“Type Spaces” — How Aldus Measured Text

Written by Christian Palino on February 23, 2005

Type Spaces: in-house norms in the typography of Aldus Manutius by Peter Burnhill, is a book I have had on my desk for about 5 months now. Released by Hyphen Press, Burnhill gathers evidence of a rational measurement system for typography (character size, line-increment, line length, and text area), 200 years before Jean Truchet. With Aldine book scans and keen comparisons, a case is made for the possibility that Francesco Griffo and Aldus Manutius had “in-house norms” that could still be applied today. The book is humble, well-designed and clear — a solid read for typographers and anyone with an interest.

Christian Palino is a designer and educator living in San Francisco. He is currently a Product Design Manager at Facebook and teaches Interaction Design at CCA. He previously worked at OpenTable, IDEO and Adaptive Path.


  1. nb says:

    Fine! I will need to buy it!

  2. nick shinn says:

    It’s a fascinating book, though the reproductions of the Aldine pages could have been a lot lot better.

    The main thing is the theory, and it’s a brilliant piece of detective work.

    If Jenson provided the definitive typeface, in terms of its letterforms, Aldus is here seen to have nailed the formal mechanics of the typographic page layout. But perhaps some credit is due to his partner, printer Andrea Torresano. And Griffo, of course. I guess we will never know the exact nature of who invented what at the Aldine Press, but the synergy was amazing.

  3. John Butler says:

    I’m curious… which body type did Hyphen use for this one? Hyphen is one of my favorite publishers.

  4. nick shinn says:

    Sorry, can’t remember. (My copy is in storage.)

  5. si says:

    ITC Charter

    Cheers, Si

  6. Gerald Lange says:

    I was quite interested in this book when I first discovered it. I agree that is a phenomenal study and that Hyphen should be congratulated for publishing it. Having worked on the typographic end of a major catalog of bibliographic descriptions of the Aldine Press output, however,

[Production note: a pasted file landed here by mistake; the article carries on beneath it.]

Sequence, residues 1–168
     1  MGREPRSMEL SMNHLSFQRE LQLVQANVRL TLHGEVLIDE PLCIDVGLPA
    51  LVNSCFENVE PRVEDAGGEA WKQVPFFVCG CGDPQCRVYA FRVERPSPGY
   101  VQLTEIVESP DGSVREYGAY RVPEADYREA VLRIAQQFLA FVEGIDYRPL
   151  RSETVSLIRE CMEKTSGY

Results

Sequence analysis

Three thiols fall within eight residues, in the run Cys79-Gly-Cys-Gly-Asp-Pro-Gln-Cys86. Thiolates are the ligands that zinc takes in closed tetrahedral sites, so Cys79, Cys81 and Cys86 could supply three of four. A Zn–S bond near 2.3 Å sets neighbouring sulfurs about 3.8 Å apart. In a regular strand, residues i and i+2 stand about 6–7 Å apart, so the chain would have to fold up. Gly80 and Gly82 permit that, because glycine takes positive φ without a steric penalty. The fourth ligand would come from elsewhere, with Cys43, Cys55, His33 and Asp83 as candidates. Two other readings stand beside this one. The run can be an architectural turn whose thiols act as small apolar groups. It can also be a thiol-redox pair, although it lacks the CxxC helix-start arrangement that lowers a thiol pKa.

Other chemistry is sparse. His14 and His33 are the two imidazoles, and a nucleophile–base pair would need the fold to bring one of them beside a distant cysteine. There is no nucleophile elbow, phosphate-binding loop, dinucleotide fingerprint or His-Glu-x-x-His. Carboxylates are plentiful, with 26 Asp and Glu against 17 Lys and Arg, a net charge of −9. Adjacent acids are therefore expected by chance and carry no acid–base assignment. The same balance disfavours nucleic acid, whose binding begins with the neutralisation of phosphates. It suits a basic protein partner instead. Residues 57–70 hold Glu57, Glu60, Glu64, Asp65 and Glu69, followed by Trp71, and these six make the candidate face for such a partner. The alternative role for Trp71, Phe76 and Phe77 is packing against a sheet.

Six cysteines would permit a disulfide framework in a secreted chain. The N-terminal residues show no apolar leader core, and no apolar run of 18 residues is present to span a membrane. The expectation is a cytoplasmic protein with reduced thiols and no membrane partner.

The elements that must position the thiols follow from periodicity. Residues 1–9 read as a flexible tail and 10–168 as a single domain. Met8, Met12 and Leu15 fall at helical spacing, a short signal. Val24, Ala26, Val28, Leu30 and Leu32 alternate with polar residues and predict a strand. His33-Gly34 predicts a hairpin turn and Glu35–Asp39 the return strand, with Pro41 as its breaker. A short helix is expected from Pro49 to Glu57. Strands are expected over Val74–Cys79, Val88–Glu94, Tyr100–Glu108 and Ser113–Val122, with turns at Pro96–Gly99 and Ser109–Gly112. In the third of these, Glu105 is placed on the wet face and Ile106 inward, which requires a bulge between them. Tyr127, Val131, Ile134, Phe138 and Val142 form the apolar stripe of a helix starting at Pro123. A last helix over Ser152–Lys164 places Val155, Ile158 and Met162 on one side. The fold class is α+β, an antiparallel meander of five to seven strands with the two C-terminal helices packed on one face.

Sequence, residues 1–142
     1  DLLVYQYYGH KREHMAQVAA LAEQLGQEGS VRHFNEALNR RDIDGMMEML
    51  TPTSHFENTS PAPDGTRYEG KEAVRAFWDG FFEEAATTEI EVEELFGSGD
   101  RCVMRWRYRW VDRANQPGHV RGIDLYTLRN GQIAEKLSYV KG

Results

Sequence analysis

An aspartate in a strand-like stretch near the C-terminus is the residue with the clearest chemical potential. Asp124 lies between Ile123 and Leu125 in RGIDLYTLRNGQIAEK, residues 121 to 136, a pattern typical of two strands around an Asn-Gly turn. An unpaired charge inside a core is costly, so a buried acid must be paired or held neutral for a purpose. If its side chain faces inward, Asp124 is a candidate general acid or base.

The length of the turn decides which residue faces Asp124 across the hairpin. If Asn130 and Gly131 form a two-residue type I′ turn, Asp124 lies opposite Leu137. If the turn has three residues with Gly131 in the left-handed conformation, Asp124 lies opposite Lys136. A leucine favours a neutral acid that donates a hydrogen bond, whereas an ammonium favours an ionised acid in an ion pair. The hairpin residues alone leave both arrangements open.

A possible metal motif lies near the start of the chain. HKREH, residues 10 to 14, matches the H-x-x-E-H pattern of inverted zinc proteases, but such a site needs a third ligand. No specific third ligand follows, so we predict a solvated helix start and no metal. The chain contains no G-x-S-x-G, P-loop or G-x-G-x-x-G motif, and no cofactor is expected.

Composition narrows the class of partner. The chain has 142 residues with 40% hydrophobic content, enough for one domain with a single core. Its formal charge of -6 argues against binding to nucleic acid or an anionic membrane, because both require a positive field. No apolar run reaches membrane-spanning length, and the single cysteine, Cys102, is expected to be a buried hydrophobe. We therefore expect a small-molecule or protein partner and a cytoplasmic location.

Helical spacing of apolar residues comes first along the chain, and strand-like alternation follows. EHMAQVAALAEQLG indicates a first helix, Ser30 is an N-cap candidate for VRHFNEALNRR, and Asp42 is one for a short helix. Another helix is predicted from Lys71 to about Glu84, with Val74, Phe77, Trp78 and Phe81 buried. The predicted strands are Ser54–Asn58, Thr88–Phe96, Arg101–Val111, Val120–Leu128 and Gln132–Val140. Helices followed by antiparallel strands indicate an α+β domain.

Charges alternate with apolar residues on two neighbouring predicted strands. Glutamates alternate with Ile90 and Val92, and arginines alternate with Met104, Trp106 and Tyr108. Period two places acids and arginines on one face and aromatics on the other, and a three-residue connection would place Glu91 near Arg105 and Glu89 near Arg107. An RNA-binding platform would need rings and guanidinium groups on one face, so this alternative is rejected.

I was a bit suspicious of the very few selections that were used to complete the thesis. And I suspect (from my reading of the text) there is an erroneous assumption made about the Aldine italic, specifically regarding the roman caps. My undestanding, from having to make significant corrections to the setting of the manuscript because of it, is that these were two separate typefaces. At least, they were considered as such by the bibliographers.

  7. Sergei Egorov says:

    Did you mean “two separate versions of italic typefaces” or that the usual setup involved caps and lowercase that were designed independently?

  8. Gerald Lange says:


    The latter. As I recall Nicolas Barker mentioned that they were fitted together as the italic caps were not yet available. I guess there were a lot of misconptions in the past, thinking that the two composites comprised a single typeface.

  9. Sergei Egorov says:


    I spent some time analyzing contours of Aldine italic impressions and it seems to me that there were at least 2 italic types in use at Aldine press between 1501 and 1519. Here are two lowercase ps (1501 is on the left, 1519 on the right):

    As for caps, I always thought that small upright caps were used because this was the current manuscript fashion at the time, not because “real” italic caps weren’t available. Besides, there are ligatures linking the two (“Qu”) which in my opinion support the thesis of coordinated design.

  10. Gerald Lange says:


    The “manuscript fashion” idea is what I would have assumed as well, it would seem the natural observation. In regard to the “coordinated design” all I can tell you is that as I recall the alphanumeric code names for the typefaces were belatedly redefined separately in the bibliographic descriptions and it involved significant corrections to be made. I think all the various Aldine typefaces were shown in the tome. The book covers all the Aldine output (1495�1589) including the heirs and known counterfeits. Some 1,370 entries. The earlier entries (Aldus the Elder) went through many, many corrections so I assume the bibliographers were quite conscientious about it all.